During my stay in York this August a friend and I decided to take a trip to Ripon, a village a little northwest of York. I was excited to go there and see the cathedral, and I had entertained a certain fascination for Ripon ever since my student days in York, when one of my professors told that occasionally, when the populace of York was sufficiently hostile, the archbishop would retreat to Ripon. As a consequence the village grew in importance throughout the Middle Ages, and naturally a cathedral was erected.
Before coming to Ripon we drove by bus through a late-summer Yorkshire landscape of golden fields, meandering rivers, narrow roads and small hamlets. In time I intend to get back to the subject of Ripon on this blog, but for the time being - since post-thesis ennui has rendered me unable to compose long posts - I will here present a minor poem that grew out of a fond recollection of that archetypal English countryside.
The stone-built villages of England.
- Stone Villages, Joseph Brodsky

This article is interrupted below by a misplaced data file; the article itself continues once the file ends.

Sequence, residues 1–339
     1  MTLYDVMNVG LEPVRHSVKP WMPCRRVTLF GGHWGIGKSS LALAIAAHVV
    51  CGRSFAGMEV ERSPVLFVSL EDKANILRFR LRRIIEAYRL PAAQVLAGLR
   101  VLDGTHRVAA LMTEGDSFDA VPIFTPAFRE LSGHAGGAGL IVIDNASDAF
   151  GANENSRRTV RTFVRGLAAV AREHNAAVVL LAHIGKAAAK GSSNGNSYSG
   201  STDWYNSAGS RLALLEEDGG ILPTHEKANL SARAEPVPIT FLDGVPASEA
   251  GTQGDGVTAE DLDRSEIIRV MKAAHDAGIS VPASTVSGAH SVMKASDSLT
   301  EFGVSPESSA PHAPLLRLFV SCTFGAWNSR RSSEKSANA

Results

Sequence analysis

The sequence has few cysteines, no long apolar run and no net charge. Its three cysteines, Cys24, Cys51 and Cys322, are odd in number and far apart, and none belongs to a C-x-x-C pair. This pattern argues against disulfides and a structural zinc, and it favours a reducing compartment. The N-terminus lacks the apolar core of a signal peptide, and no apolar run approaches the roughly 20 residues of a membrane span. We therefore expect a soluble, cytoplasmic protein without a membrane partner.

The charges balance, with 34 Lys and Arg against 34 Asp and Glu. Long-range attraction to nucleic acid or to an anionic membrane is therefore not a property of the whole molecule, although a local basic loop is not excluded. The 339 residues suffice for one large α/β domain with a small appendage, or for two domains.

The Road to Ripon
There were hedgerows, open fields, and the narrow road
quarreling with the stone houses for its thoroughfare,
heading for Ripon in a quiet pilgrimage.
The houses were as I expected them to be,
the churches, too, and one by one each hamlet
flaunted their sleepy charm and was gone,
nameless to a stranger as if they were coyly shy
and sought by namelessness to be inviting.
Time ceased to pass on the country road;
the northern nooks, the mute river and the alleys
of chestnut or willow seemed not to know
there was a world outside, but rather found their peace
cradled in the orient corn of August,
whose light breeze whispered lullabies from when the North was young.
- November 05 2012